“I tell you, love your enemies and pray for those who persecute you.” (Matthew 5:44)
Following recommendations made by Defense Minister Moshe Yaalon, the Israeli Prime Minister has approved the transfer of Palestinian Authority (PA) frozen tax revenue.
NIS 500 million ($125 million) in PA tax revenue was frozen in January when the PA took steps to join the International Criminal Court (ICC) and other international bodies, which breaches agreements made with Israel.
Palestinian Authority membership at the ICC comes into effect on April 1, 2015.
Pointing out that the money is needed to pay public sector salaries, PLO negotiator Saeb Erekat likened the freezing of tax revenue to pure robbery, saying these actions were expected from pirates but not governments.
Cuts in transfers forced the Palestinian Authority to reduce salaries to 40 percent and to resort to an emergency budget.
The country’s deficit already stands at 15 percent of GDP and the tax revenue transfers account for two-thirds of income, meaning that the budget is falling deeper into debt monthly. And with unemployment at 25 percent, there is a sharpened threat of instability and violence. (JPost)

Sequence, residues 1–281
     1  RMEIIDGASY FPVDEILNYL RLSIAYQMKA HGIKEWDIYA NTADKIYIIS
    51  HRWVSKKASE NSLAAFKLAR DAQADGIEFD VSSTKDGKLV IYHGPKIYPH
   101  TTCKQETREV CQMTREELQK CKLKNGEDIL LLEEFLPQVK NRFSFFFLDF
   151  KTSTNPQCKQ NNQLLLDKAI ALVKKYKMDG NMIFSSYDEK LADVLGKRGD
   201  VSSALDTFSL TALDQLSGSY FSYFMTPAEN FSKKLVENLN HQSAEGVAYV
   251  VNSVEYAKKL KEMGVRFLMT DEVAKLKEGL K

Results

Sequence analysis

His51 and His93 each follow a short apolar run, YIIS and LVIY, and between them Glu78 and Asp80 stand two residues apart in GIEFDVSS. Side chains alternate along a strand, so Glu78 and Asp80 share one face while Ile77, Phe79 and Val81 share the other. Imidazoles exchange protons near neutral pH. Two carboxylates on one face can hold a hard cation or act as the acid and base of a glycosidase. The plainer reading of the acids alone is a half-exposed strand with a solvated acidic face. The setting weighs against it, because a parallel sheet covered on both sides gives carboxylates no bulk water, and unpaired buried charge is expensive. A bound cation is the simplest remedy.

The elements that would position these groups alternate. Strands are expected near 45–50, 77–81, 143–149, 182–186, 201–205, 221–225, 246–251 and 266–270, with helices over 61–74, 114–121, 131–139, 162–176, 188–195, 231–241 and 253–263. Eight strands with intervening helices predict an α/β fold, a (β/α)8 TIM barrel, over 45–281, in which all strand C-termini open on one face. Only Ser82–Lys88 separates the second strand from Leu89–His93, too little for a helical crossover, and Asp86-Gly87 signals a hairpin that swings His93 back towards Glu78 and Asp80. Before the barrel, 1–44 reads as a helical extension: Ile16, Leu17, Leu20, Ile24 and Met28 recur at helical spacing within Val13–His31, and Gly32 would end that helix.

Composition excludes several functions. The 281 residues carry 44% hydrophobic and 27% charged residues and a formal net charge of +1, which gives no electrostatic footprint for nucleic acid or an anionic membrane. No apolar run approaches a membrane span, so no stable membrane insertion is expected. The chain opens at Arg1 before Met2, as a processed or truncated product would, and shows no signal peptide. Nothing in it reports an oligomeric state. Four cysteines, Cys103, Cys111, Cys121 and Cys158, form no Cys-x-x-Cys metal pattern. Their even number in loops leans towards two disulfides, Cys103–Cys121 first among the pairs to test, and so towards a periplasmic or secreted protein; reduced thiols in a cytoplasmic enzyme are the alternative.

The announcement to release the frozen tax revenue came from the Prime Minister’s Office just before sundown on Friday.
The various debts owed by the PA, including those for water, sewage, electricity and medical care, are being deducted from the sums being transferred.
While noting the necessity to work with determination against the extremists, the prime minister stressed the importance of acting humanely and responsibly. This decision is made against the background of ongoing moves on the part of the PA to charge Israel with war crimes at the ICC.
Meanwhile, the PA continues to pay monthly stipends to the families of terrorists and those who have attacked, maimed, and killed Israeli citizens.
There is speculation that the transfer is designed to appease US president Barack Obama and/or to prop up a failing Palestinian Authority government whose collapse would likely usher in another Hamas state, this time on the eastern side of Israel. (JP)
Although under pressure to act earlier, the Israeli prime minister hesitated to do so during the political campaign out of concern that his right-wing supporters would withdraw support and that he would expose himself to criticism by his political rivals, such as Foreign Minister Avigdor Lieberman and Economy Minister Naftali Bennett. (HaAretz)